This house looks like it is being built with Lego blocks. Located by the stairs connecting Primrose (lower) with Primrose (upper) and Upper Lorne Place, the infill lot is about eight feet above the Primrose street level.
The house will be four stories high. The bottom floor, two stories down from Upper Lorne but “at grade” at Primrose, with be a studio — bedroom, room, kitchenette, bath — with its own exit on the Primrose side. The second floor will be bedrooms. The third floor, to be at grade with Lorne Street, will have the entry and a garage (yup, you park your car above the master bedroom). Up one floor will be smaller-area fourth floor (four as measured from Primrose, but only two up from Upper Lorne) with a generous roof top deck.
The building blocks are made of white foam, with plastic spacers that link the usual metal rebars. The hollow space is then filled with concrete, making a well-insulated wall. Another advantage is speed of assembly, which is important as winter comes on. Another factor is the lightweight materials can be carried (tossed?) around the site that would be difficult to manoever dimensional lumber and is inaccessable to mechanical lifters. The first floor shown was assembled in one day. The next day: the concrete was pumped in.
This is a closeup of the lego wall meeting the concrete footing. Nailed-on wood strips keep the blocks from “spreading out” and in line. The fabric wrapped pipe at the base will be the drainage tile. The blocks bulge out at this section to form a concrete lip or ledge to support the stone facade that will be installed later. And yes, it is green painters tape holding some bits together until the concrete is poured.
View from the ped staircase into the gap between the house and the cliff. The house foundation will not touch the cliff face, at city request, to “preserve” the cliff. The window on the cliff side will let in some filtered light, much like windows on side walls of houses that are located close together. Once the concrete is pumped into the form, it will become the load-bearing structure and bond to the foam insulation. The heavy vertical steel boards shown on the inside back wall are temporary stabilizers until the concrete is poured. The smaller vertical black lines all over the wall are bits of the plastic reinforcements from the concrete side of the wall, that extend through the plastic foam, onto which the drywall will be screwed. Before that, wiring will be run in channels cut in the foam with a wide saw blade, then the wiring will be covered up with spray on foam. No air leakage along the cabling …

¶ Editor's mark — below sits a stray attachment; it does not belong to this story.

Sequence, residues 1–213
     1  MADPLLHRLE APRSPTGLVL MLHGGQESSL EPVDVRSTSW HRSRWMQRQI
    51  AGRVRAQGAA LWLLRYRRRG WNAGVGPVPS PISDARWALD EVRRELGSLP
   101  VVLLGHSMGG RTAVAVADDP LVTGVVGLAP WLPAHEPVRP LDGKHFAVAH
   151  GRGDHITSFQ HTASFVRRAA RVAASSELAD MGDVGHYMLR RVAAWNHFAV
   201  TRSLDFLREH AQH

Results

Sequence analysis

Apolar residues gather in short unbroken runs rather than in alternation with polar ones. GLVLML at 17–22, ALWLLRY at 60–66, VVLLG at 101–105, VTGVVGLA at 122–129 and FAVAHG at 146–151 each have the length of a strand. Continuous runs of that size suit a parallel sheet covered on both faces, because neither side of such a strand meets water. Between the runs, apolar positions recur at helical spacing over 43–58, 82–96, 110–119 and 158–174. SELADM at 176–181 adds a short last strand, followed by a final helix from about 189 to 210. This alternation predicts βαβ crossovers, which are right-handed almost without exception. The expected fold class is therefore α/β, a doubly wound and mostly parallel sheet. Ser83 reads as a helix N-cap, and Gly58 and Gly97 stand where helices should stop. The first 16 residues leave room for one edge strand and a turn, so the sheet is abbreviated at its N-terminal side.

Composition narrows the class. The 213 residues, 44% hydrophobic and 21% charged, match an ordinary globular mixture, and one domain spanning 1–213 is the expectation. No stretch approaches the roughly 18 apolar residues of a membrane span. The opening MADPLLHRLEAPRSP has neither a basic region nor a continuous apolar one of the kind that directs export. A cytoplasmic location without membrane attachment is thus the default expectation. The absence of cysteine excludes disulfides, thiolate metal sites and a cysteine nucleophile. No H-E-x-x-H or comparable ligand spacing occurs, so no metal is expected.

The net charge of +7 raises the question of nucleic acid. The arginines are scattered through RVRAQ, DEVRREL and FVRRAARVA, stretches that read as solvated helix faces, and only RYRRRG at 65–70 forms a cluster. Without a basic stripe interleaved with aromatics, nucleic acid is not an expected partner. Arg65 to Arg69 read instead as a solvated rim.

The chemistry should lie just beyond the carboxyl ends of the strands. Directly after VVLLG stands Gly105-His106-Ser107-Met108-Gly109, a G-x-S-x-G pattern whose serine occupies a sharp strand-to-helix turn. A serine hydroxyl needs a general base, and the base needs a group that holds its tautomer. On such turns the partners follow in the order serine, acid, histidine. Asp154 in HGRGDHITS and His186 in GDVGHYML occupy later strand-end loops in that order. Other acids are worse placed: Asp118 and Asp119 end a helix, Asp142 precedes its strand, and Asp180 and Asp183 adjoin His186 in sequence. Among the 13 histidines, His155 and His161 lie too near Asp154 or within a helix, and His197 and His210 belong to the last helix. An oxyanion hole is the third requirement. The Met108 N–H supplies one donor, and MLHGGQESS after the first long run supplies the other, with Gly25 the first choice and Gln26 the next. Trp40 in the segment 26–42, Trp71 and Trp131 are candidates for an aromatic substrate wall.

Special hangers were installed around the inside perimeter of the wall, connected to the concrete, and a wood ledger beam was hung around the inside perimeter. Manufactured joists were installed in just a few hours. The joists are made up with a zig-zag pattern of wood struts, so no drilling is required to run wiring, ducts, or water pipes, which saves hugely on labour. Look carefully a at the stairwell hole in the foreground to see the joists under the plywood subfloor. The lumber in a house is only about 20% of the house cost. Much more is spent on labour and getting city approvals. In the above photo, the second floor walls are now half way up.
The second floor as seen from the Primrose stairs. Notice that another bulb-out has been installed along the left wall to form a ledge to support the stone facade.